Dick Diver is kind of a literary band. They’re named after a character from an F. Scott Fitzgerald book, their lyrics are often wordy and clever and Rupert Edwards, who I’m talking to, is an actual English teacher who has probably had to explain Great Expectations to teenagers more times than anybody should be required to.

If there’s any musician it’s appropriate to ask questions from the Proust Questionnaire – a set of personal questions answered by French author Marcel Proust as a teenager and then again as an adult – it’s him. Which is how I learn that Edwards: is prouder of Dick Diver’s two albums than any of his other life achievements; laughs at lowbrow slapstick comedy; and cries at sad jazz music. “There’s a Miles Davis version of ‘It Never Entered My Mind’ which is on Workin’, one of the late 50s records that he did,” he says. “It destroyed me when I heard it for the first time.”

A Miles Davis soundtrack for staring out the window when it’s raining may be a fair distance from the wry observations of Dick Diver’s songs, but their latest album Calendar Days does contain one reference to sad jazz. In opening track ‘Blue & That’ there’s a saxophone part played by Alistair McKay that may not make you weep but is definitely maudlin. The whole album’s noticeably more downbeat than their relatively chirpy debut, New Start Again.

“That’s how I wanted it,” says Edwards. “Most of the time when I think about how I want something to turn out it doesn’t turn out anything like that, but six months before we recorded it I had this idea and we talked about wanting to make a pretty sad record. Not because we’re really depressed people or anything, but because sad music is good music, often. And I think we kind of pulled it off in places, some kind of melancholy or sadness.” Then he laughs. “I nearly said Mellon Collie and Infinite Sadness.”

Songs like ‘The Two Year Lease’ and ‘Gap Life’ are full of world-weariness but never too bleak. Although they’re responsible for the occasional song about wasted lives and bad breakups, he says that he and the rest of the band are perfectly happy people. “There’s sad music and there’s really sad music, like 90s doom-folky stuff. I can’t imagine Elliott Smith would have been a very happy person.”

Edwards writes a lot of songs, but where the other members of Dick Diver all seem to have multiple side projects on the go for their leftovers, he tends to scrunch his up and then throw them away by the dozen. “A lot of them just end up being really crap. Sometimes I think you have to write the bad ones to get to the better ones. There are so many songs I’ve written which are really terrible and it’s good there’s no outlet for them. I think sometimes it’s good that I have only one proper outlet because then I can be much more selective with what gets in there.”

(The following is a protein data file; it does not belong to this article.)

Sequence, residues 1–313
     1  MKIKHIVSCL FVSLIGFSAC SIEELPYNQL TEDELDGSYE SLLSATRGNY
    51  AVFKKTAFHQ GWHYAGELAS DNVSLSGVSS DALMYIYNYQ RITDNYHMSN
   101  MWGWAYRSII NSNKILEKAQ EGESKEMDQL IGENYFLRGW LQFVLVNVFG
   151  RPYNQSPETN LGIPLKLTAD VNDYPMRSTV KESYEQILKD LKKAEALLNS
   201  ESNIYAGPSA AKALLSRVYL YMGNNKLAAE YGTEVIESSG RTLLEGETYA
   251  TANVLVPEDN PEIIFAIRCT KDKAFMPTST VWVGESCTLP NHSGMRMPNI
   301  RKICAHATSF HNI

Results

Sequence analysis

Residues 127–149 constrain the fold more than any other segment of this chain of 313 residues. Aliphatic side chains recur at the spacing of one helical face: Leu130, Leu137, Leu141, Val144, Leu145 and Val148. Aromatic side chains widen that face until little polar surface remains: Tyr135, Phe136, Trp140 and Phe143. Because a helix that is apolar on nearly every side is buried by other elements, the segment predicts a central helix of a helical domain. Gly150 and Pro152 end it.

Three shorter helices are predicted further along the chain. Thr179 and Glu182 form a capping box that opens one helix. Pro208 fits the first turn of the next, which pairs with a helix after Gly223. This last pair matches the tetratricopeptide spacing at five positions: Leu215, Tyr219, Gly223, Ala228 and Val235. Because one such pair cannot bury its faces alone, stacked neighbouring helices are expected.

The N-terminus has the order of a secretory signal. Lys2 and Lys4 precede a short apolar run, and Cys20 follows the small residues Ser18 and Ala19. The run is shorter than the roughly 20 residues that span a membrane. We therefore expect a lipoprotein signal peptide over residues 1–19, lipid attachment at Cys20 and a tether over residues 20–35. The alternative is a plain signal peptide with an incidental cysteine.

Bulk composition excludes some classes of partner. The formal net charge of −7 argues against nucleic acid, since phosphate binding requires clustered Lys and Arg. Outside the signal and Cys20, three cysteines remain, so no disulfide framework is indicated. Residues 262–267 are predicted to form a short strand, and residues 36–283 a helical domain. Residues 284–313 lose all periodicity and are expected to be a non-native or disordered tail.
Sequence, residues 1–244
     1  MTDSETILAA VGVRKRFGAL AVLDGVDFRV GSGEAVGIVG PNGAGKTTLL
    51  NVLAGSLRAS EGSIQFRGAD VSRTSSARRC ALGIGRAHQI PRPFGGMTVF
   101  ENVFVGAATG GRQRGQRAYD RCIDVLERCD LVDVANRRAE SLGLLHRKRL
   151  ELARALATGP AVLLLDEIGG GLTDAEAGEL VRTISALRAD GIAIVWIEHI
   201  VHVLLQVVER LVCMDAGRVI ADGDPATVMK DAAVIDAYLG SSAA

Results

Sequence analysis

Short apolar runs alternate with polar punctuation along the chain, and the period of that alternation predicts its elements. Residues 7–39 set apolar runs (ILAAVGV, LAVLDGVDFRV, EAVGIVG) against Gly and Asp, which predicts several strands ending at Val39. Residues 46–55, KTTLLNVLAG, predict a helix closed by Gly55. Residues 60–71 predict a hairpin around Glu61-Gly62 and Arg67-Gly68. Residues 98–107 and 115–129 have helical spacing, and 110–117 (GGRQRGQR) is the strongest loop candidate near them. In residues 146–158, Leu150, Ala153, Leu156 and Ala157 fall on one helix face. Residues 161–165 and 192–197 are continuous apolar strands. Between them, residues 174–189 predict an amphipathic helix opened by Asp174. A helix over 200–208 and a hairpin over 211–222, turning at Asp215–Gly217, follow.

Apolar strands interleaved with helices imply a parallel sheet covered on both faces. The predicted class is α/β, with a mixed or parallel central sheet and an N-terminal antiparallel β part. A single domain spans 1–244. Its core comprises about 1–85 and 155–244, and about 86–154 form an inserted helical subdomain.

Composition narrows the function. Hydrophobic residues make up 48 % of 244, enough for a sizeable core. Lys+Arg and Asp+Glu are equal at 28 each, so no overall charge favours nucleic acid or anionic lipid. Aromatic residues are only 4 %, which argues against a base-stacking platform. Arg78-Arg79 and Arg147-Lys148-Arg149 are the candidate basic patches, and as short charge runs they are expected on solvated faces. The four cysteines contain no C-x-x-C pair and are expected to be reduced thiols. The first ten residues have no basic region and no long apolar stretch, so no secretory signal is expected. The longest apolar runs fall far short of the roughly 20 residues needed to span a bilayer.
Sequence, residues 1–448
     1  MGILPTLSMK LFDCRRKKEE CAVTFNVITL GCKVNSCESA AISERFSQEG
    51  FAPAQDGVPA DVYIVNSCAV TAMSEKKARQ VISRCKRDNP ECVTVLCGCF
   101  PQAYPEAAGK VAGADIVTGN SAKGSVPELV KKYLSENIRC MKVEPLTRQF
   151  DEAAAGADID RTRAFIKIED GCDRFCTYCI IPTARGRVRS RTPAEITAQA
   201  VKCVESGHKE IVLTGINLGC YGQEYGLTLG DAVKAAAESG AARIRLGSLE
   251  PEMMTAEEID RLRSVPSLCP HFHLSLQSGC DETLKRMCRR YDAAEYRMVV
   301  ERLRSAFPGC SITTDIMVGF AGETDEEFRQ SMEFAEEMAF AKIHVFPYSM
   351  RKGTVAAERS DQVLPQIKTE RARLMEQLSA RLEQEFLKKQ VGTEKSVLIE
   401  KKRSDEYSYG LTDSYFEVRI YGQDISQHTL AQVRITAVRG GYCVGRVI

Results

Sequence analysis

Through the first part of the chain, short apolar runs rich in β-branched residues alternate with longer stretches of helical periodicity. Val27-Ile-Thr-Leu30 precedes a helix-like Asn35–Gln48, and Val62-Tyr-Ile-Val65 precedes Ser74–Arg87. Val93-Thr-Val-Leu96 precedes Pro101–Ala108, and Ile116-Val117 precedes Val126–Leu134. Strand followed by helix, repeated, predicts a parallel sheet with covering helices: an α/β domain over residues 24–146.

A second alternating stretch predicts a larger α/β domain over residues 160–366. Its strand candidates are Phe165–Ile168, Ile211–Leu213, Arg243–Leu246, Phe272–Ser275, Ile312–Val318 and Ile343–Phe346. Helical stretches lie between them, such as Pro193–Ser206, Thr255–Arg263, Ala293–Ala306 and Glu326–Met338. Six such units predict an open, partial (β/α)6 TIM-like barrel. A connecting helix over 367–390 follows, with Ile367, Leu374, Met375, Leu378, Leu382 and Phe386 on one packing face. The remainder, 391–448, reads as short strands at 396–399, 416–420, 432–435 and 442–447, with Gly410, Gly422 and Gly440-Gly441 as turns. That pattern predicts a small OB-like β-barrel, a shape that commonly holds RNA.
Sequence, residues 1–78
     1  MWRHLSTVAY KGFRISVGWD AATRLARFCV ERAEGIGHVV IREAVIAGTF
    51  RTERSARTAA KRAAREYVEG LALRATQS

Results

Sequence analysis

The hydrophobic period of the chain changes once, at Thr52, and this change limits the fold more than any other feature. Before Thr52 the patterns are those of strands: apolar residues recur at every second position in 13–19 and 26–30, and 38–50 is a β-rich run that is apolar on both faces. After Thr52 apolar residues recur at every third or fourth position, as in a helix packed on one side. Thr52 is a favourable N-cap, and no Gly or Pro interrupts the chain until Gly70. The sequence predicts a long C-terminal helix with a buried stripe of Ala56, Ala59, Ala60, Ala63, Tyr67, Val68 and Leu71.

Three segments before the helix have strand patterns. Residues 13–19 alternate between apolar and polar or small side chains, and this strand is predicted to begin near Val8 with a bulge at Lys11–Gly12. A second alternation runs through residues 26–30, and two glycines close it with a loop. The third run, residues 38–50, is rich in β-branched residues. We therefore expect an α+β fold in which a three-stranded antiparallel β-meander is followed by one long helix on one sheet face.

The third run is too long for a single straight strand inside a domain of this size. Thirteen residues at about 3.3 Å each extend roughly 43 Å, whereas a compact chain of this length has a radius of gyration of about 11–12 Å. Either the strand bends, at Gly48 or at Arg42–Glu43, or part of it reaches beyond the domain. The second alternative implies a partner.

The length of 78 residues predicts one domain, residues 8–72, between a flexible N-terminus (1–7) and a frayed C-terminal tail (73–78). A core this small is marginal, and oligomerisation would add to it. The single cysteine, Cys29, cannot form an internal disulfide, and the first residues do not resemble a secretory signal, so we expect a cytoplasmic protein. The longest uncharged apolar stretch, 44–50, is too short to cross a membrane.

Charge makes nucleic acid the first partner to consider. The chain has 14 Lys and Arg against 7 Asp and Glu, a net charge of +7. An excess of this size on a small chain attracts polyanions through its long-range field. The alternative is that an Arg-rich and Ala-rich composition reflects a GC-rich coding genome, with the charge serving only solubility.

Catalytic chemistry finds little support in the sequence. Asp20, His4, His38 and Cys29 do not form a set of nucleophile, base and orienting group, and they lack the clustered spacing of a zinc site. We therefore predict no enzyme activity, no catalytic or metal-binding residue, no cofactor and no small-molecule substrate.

Although that may be about to change now that he’s starting up a side project of his own, a new band with Amy Hill from School of Radiant Living. He says they’re called The Backstabbers at the moment but have already changed their name “like three times” and their music is “just really low-key acoustic sadness. But again, we’re happy people.”

Given that there are Dick Diver songs about language and leases, is there anything he wouldn’t write a song about? “I wouldn’t write a song about sport. I usually find those songs pretty cringeworthy. I’d write a song that has sport in it but I wouldn’t write a song about sport. I think the only thing that would stop me from writing about anything is lack of ability. I’d quite like to be able to write about all kinds of things but it’s pretty hard.”

It’s true that sport has inspired some of the greatest crimes committed to music, like New Order’s ‘World In Motion’ and Weezer’s ‘Represent’. Soccer in particular has not been kind to quality music. Edwards agrees. “I don’t think it’s about sport but there’s that Billy Bragg song where the film clip is him on a soccer pitch and it talks about scoring the winning goal and it’s like this metaphor for falling in love,” he says, then adds with feeling, “fucking awful.”

What he does write about is Australia, with songs that are full of mundane details like references to Alice Springs and shopping at IGA. “Before Dick Diver even started I had a phase of wanting to be like militantly local,” he explains, “in the sense that I didn’t understand why there were so many great bands from other places in the world which could freely reference their own spot in the world, like New York or whatever, and sound really cool. Whereas if you’re out here it sounds a bit trite. That kind of thing doesn’t really bother me at all anymore. I don’t have an agenda in any way, it was never an agenda in Dick Diver, but I think it still snuck in.”


Dick Diver launch ‘Calendar Days’ at The Red Rattler in Marrickville on July 13. The album is available now through Chapter Music.

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